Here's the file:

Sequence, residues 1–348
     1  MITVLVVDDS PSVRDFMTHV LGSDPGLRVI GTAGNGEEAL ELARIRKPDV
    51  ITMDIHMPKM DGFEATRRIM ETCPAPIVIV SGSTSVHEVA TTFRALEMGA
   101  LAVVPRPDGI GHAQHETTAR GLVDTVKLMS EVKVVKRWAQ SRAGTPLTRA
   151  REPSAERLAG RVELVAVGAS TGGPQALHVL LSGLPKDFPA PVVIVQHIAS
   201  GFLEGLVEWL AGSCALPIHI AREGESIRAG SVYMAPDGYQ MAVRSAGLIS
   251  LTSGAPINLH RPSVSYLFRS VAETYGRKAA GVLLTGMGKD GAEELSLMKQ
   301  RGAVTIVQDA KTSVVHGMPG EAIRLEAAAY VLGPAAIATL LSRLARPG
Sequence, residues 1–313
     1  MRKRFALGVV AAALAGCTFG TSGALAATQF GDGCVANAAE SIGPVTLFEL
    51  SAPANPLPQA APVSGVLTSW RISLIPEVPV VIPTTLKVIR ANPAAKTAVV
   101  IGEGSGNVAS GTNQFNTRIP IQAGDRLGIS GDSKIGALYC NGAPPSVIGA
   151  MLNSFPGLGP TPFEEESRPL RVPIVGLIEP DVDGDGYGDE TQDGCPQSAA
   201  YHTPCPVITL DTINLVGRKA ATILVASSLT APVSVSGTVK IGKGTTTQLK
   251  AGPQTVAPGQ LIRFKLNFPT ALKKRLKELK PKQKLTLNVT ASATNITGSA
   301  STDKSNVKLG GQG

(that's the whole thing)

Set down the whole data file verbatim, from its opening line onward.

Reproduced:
Sequence, residues 1–348
     1  MITVLVVDDS PSVRDFMTHV LGSDPGLRVI GTAGNGEEAL ELARIRKPDV
    51  ITMDIHMPKM DGFEATRRIM ETCPAPIVIV SGSTSVHEVA TTFRALEMGA
   101  LAVVPRPDGI GHAQHETTAR GLVDTVKLMS EVKVVKRWAQ SRAGTPLTRA
   151  REPSAERLAG RVELVAVGAS TGGPQALHVL LSGLPKDFPA PVVIVQHIAS
   201  GFLEGLVEWL AGSCALPIHI AREGESIRAG SVYMAPDGYQ MAVRSAGLIS
   251  LTSGAPINLH RPSVSYLFRS VAETYGRKAA GVLLTGMGKD GAEELSLMKQ
   301  RGAVTIVQDA KTSVVHGMPG EAIRLEAAAY VLGPAAIATL LSRLARPG
Sequence, residues 1–313
     1  MRKRFALGVV AAALAGCTFG TSGALAATQF GDGCVANAAE SIGPVTLFEL
    51  SAPANPLPQA APVSGVLTSW RISLIPEVPV VIPTTLKVIR ANPAAKTAVV
   101  IGEGSGNVAS GTNQFNTRIP IQAGDRLGIS GDSKIGALYC NGAPPSVIGA
   151  MLNSFPGLGP TPFEEESRPL RVPIVGLIEP DVDGDGYGDE TQDGCPQSAA
   201  YHTPCPVITL DTINLVGRKA ATILVASSLT APVSVSGTVK IGKGTTTQLK
   251  AGPQTVAPGQ LIRFKLNFPT ALKKRLKELK PKQKLTLNVT ASATNITGSA
   301  STDKSNVKLG GQG